China will present the “greatest challenge” to the UK’s overseas interests and economic security by 2030, according to an intelligence chief.
Adrian Bird, the Chief of Defence Intelligence, said the UK must be “alive to the challenges” posed by China as it seeks to disrupt supplies of key technologies and materials, with an “increasing threat” from its military and spies.
Mr Bird’s remarks came after Rishi Sunak warned that an increasingly authoritarian China poses the “biggest challenge of our age” and is the “only country with both the means and intent to reshape the world order”.
The government has faced pressure from MPs and peers to take a stronger stance towards China, including labelling the country a “threat” to UK security.
Mr Sunak has argued the response must not be one of protectionism, with a need to engage with Beijing on a range of issues.
Mr Bird, speaking to members of the Royal United Services Institute (RUSI), said Russia will “remain the greatest threat to the UK mainland out to 2030” in the Euro-Atlantic region.
He added it is also increasingly clear that Europe’s security is “indivisible from that of the wider world”, whether as the result of state activity, climate change or global health concerns.
Mr Bird said: “Just as our closest allies and partners in the Indo-Pacific region – Australia, New Zealand, Japan, the Republic of Korea and Singapore – have all taken steps to counter Russia’s destabilising influence in Europe and support Ukraine, so the UK must be alive to the challenges being presented by China.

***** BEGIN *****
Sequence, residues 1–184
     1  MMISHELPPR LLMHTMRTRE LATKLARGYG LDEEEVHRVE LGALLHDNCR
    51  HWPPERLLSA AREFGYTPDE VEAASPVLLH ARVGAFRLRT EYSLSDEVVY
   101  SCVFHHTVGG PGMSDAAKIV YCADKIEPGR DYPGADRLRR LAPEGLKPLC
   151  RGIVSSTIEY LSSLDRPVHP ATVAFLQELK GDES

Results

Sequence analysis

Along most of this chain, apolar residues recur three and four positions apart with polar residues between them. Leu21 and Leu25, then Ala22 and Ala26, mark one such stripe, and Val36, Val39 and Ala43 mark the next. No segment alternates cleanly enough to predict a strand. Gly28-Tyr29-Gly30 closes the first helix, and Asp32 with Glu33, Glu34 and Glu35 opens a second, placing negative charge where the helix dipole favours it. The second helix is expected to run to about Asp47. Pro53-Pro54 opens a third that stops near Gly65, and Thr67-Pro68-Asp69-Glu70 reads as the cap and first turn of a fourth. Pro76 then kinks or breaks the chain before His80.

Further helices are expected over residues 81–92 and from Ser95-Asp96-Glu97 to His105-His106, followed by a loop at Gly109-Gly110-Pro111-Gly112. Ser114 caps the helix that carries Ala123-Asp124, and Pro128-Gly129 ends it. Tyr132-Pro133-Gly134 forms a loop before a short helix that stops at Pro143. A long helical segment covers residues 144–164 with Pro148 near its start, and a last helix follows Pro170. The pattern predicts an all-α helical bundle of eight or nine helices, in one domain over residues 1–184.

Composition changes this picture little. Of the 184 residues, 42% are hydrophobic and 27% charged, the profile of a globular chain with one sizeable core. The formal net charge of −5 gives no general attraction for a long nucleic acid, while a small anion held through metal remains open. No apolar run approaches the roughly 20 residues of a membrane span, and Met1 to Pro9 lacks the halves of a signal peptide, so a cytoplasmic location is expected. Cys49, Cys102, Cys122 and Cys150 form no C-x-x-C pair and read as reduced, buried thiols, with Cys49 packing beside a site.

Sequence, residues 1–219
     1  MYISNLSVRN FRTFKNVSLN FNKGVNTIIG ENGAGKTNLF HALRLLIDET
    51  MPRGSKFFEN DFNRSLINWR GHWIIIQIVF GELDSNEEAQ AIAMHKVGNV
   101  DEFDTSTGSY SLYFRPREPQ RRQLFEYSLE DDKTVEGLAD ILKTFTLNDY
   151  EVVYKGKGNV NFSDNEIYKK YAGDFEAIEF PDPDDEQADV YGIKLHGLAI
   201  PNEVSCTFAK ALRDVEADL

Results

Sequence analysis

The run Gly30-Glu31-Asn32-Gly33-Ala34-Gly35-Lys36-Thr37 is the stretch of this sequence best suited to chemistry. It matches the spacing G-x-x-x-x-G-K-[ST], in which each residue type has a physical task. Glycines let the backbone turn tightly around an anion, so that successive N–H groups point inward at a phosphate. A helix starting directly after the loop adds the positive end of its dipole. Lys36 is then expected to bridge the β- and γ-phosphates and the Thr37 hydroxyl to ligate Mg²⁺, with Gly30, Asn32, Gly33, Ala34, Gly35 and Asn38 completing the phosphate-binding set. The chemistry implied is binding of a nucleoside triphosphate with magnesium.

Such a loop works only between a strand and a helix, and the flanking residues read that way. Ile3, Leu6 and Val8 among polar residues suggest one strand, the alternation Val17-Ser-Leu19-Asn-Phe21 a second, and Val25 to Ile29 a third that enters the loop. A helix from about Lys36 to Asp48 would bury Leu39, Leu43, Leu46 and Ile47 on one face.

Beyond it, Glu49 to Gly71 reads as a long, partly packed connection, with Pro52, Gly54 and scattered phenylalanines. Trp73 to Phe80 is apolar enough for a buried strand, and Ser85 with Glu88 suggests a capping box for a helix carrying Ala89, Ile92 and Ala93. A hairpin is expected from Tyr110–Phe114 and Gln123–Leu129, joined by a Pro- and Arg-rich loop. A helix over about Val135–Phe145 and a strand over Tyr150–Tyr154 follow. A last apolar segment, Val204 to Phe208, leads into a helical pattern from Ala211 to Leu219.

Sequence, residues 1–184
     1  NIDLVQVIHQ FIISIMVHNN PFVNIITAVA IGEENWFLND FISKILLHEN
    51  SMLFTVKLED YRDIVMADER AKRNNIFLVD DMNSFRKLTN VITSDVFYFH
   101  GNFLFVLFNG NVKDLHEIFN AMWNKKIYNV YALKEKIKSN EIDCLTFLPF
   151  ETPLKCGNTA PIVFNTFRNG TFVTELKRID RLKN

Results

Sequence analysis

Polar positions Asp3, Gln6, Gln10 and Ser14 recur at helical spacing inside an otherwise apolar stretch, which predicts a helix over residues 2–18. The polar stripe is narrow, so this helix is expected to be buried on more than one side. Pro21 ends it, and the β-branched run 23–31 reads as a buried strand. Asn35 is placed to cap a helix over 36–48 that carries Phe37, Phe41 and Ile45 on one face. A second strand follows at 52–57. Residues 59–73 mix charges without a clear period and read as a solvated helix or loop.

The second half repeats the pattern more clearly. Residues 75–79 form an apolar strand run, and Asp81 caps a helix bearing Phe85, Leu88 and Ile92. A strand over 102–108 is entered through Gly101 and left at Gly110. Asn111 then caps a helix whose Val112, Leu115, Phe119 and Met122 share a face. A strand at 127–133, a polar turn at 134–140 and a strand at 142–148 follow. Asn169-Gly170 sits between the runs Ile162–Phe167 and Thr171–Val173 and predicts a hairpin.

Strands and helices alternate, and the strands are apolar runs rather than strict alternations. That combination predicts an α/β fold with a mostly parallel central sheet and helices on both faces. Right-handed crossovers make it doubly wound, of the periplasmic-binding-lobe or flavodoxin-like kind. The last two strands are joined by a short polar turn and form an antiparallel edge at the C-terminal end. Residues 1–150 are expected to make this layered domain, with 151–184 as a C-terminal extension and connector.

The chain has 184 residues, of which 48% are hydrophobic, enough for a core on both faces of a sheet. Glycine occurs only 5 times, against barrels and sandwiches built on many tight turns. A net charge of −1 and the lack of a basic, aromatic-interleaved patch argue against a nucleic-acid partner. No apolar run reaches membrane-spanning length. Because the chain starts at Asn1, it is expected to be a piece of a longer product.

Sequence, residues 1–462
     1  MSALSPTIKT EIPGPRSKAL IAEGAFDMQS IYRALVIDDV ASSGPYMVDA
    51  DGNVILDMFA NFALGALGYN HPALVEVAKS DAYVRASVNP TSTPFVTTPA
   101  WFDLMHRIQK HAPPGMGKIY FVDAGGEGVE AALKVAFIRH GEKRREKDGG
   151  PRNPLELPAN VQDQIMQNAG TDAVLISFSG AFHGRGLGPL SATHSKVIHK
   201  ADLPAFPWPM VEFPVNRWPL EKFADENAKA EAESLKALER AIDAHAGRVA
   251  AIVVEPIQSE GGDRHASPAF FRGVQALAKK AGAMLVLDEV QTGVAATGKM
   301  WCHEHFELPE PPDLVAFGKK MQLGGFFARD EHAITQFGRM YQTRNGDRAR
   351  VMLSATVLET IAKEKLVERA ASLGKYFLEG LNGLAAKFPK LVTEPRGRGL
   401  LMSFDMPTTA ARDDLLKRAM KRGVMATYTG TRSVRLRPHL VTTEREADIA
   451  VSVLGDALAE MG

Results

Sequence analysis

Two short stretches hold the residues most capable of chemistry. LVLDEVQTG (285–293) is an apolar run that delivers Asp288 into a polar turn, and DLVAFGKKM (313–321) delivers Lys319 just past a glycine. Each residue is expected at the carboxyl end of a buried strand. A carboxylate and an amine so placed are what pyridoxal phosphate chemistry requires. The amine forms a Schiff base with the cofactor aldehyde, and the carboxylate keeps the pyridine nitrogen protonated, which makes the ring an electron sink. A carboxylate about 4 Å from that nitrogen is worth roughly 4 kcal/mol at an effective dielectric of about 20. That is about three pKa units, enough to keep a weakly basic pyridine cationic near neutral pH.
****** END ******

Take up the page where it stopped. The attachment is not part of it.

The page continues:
“China will compete more directly with the UK across our areas of interest and will be capable of disrupting supplies of key technologies and materials such as microprocessors, semiconductors and rare earth elements, its military, intelligence, space and cyber capabilities posing increasing threat.
“Within this world of increasing competition, we assess that China will present the greatest challenge to the UK’s overseas interests and economic security in 2030.”
Luke de Pulford, of the Inter-Parliamentary Alliance on China, said: “It is blindingly obvious to anyone paying attention that Mr Bird’s comments are correct.
“Regrettably the only people who still don’t seem to get it are those in charge of UK foreign policy.
“We need an urgent plan to audit and reduce dependency on Beijing, and a healthy dose of realism to cleave officials from the naivety of the golden era.”
Former prime minister David Cameron heralded a “golden era” between the two countries in 2015.
The UK has since taken steps to reverse such an approach, including telecoms firms being ordered to strip equipment from Chinese tech giant Huawei out of 5G networks.
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Mr Sunak unveiled the UK semiconductor strategy at this month’s G7 summit in Hiroshima, Japan, aimed at giving the country a “competitive edge on the global stage” and ensuring it is not reliant on China for technology advancements.
Elsewhere in his speech, Mr Bird warned that the pace of technological change will allow the UK’s adversaries and competitors to achieve a “rapid evolution in their capability to challenge the UK and our interests”, adding: “We must keep pace.”
He noted the UK should “not assume we will have an overriding technological advantage in future conflicts”.